Cook meats well — Killing harmful bacteria depends on getting meat to the right internal temperature. The best way to be sure is with a meat thermometer. Beef, pork, and fish should get to 145 degrees (Fahrenheit). Hamburgers should be done at 160 degrees. Chicken and turkey are done at 165 degrees. Smoking meats requires temperatures to reach between 225 and 300 degrees.

Keep foods cold — Ice is extremely important for picnics because bacteria like warm environments (between 40 and 140 degrees). That’s why you keep the potato salad, deviled eggs, and banana pudding on ice until it’s time to serve. Also keep meats on ice until they’re ready for the grill. Foods need to be refrigerated within two hours of cooking, or sooner if it’s 90 degrees or warmer. Throw away anything that’s been out longer than that.

washing hands foodborne illness

Remember COVID-19 Safety

We couldn’t finish this post without reminding you that COVID-19 isn’t completely under control. Only gather with close family or friends who have been vaccinated against or are recovered from COVID-19. Wear a mask whenever possible, wash your hands frequently, and try to keep some space between yourself and others.

AltaMed Has You Covered

Food poisoning, sunburns, sprained ankles, pulled muscles, heat exhaustion, and dehydration are some of the things that can happen during the summer if you’re not careful. Don’t let any of this discourage you from getting outdoors to exercise, filling up on delicious, seasonal produce, and living a healthy, active life. AltaMed is here to help if you overdo it. Learn how to get started with AltaMed or call us at (888) 499-9303.

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Keep Your Gut Healthy to Keep Yourself Healthy

December 02, 2020

At some point you were probably encouraged to “trust your gut.” That’s great advice when it comes to believing in your instincts, but your gut is a major part of your digestive system. You have about 30 feet of intestines inside your body that are home to trillions of organisms working to maintain a healthy balance.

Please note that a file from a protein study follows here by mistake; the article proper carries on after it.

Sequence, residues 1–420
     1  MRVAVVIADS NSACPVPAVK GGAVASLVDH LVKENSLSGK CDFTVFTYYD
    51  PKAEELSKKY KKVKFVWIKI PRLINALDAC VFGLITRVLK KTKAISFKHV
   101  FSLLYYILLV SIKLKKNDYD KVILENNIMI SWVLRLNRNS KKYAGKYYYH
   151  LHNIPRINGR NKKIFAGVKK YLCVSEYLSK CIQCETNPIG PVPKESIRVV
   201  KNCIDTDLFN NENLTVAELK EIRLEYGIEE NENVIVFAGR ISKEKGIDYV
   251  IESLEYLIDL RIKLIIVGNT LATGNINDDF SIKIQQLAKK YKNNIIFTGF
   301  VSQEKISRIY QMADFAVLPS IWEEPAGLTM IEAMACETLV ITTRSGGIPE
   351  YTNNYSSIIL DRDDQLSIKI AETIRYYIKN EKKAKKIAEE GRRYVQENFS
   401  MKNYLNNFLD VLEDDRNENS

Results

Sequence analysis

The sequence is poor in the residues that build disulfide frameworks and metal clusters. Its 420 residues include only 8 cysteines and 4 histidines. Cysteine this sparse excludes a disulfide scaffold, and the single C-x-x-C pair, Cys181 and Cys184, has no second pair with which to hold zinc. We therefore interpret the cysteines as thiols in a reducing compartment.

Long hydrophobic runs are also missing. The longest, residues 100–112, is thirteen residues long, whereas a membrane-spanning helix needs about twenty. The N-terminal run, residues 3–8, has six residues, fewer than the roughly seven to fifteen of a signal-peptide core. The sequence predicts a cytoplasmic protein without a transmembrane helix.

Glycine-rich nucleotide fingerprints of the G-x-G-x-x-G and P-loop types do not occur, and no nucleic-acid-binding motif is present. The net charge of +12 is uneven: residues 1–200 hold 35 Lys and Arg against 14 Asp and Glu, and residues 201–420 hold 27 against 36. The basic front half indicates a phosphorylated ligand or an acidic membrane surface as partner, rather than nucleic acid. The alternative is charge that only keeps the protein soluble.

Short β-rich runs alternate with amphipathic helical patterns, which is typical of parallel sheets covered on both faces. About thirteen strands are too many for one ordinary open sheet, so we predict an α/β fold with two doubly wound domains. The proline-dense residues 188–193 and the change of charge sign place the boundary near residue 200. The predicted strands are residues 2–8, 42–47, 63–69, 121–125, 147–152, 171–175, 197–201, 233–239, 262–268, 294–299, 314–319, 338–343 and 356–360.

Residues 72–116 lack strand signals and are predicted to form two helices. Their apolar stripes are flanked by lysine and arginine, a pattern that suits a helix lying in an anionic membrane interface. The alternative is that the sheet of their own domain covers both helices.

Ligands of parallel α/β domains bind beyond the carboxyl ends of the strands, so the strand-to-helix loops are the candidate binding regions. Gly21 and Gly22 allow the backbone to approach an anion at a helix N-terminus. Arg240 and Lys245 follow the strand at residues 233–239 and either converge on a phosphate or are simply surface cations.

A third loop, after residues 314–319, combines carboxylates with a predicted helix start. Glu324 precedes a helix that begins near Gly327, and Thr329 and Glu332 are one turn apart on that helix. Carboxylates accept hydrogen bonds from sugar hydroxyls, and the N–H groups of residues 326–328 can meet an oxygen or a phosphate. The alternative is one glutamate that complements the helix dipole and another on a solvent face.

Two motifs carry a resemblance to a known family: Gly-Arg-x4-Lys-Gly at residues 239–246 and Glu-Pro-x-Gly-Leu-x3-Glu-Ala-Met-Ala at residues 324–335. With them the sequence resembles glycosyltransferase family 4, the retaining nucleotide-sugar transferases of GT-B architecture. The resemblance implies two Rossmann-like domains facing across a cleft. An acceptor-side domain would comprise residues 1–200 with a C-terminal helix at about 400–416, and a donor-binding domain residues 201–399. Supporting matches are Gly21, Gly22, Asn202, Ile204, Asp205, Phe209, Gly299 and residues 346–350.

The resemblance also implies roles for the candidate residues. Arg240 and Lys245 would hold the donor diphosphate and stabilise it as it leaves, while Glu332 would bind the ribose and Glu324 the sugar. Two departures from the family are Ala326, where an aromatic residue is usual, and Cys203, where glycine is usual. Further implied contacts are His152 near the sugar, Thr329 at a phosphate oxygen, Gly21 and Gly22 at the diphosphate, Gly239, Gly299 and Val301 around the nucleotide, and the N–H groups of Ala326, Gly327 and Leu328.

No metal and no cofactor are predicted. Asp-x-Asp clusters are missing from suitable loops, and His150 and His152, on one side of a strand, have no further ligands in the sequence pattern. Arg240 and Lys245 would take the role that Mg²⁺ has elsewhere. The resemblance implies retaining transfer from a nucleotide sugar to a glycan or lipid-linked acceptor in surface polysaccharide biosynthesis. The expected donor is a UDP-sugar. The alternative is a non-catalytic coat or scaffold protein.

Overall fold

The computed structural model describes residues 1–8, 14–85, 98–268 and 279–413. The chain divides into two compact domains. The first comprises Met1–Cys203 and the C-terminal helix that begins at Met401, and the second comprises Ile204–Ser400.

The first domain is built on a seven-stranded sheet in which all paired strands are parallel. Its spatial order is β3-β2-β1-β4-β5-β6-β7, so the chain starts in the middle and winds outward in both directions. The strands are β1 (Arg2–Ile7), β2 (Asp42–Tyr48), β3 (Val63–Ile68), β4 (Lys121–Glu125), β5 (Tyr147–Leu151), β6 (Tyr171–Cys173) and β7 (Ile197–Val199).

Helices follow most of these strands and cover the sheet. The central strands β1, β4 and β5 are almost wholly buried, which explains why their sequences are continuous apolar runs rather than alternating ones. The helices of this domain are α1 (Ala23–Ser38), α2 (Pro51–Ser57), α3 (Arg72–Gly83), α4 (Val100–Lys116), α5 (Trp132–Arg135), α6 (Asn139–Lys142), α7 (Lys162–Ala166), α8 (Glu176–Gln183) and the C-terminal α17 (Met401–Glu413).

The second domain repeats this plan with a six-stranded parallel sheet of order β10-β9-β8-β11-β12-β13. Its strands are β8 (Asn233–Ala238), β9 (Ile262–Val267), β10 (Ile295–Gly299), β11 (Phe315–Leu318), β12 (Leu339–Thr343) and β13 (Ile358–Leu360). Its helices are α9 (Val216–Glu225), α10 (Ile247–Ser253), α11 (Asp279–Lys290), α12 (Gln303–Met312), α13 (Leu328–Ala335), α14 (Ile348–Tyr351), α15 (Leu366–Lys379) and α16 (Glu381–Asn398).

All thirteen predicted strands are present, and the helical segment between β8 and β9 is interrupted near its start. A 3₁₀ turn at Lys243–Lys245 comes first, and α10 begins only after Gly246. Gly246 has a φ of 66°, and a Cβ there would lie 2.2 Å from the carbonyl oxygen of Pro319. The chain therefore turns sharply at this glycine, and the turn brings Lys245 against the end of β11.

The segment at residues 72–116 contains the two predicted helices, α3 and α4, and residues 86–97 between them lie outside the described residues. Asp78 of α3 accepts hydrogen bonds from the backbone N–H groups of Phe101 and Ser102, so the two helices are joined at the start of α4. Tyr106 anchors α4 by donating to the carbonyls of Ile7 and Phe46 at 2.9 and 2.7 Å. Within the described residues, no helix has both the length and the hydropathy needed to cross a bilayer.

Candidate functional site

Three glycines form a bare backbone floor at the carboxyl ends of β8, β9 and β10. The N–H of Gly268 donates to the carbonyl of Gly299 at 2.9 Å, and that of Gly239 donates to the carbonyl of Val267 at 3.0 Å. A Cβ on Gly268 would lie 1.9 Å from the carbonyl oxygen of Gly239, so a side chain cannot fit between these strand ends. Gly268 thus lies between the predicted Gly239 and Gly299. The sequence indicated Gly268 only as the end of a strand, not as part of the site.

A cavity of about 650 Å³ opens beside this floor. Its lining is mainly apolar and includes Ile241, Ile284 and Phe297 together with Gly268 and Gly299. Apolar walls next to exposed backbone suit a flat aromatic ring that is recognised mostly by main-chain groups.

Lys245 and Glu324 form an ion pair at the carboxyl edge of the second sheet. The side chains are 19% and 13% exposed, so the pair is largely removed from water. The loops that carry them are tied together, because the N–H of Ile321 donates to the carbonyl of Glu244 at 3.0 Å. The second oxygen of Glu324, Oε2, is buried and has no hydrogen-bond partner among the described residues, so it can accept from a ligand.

But gut health goes beyond what happens in the digestive system. It has been shown to affect the body’s immune system, it can help the body to fight infection, can prevent some types of cancers, and even plays a role in a person’s mental health.

Fighting Disease with Healthy Guts

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The research on gut health and overall health is relatively new so it’s difficult to say which strains of bacteria are the most beneficial or how bacteria work together to improve overall health. But there are a few interesting findings:

  • Cancer — A study found some evidence that a certain bacteria could protect against some cancers.
  • Heart disease — A study identified a bacteria that could prevent the inflammation that leads to fatty buildup in the arteries.
  • Immune system — Researchers discovered that giving a certain bacteria to mice with skin cancer made their immune systems attack tumor cells.

Your gut also plays a significant role in your outlook and mental health: it’s home to 95% of your body’s serotonin, an amazing hormone that regulates your sleep, appetite, mood, and sensitivity to pain.

Feeding a Healthy Gut

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How we’re built, how we manage stress, our family and genetic history, and what we eat all affect our gut. We can’t do much about our family or genetic history, but we can manage our stress, shape our bodies, and control what we put in them.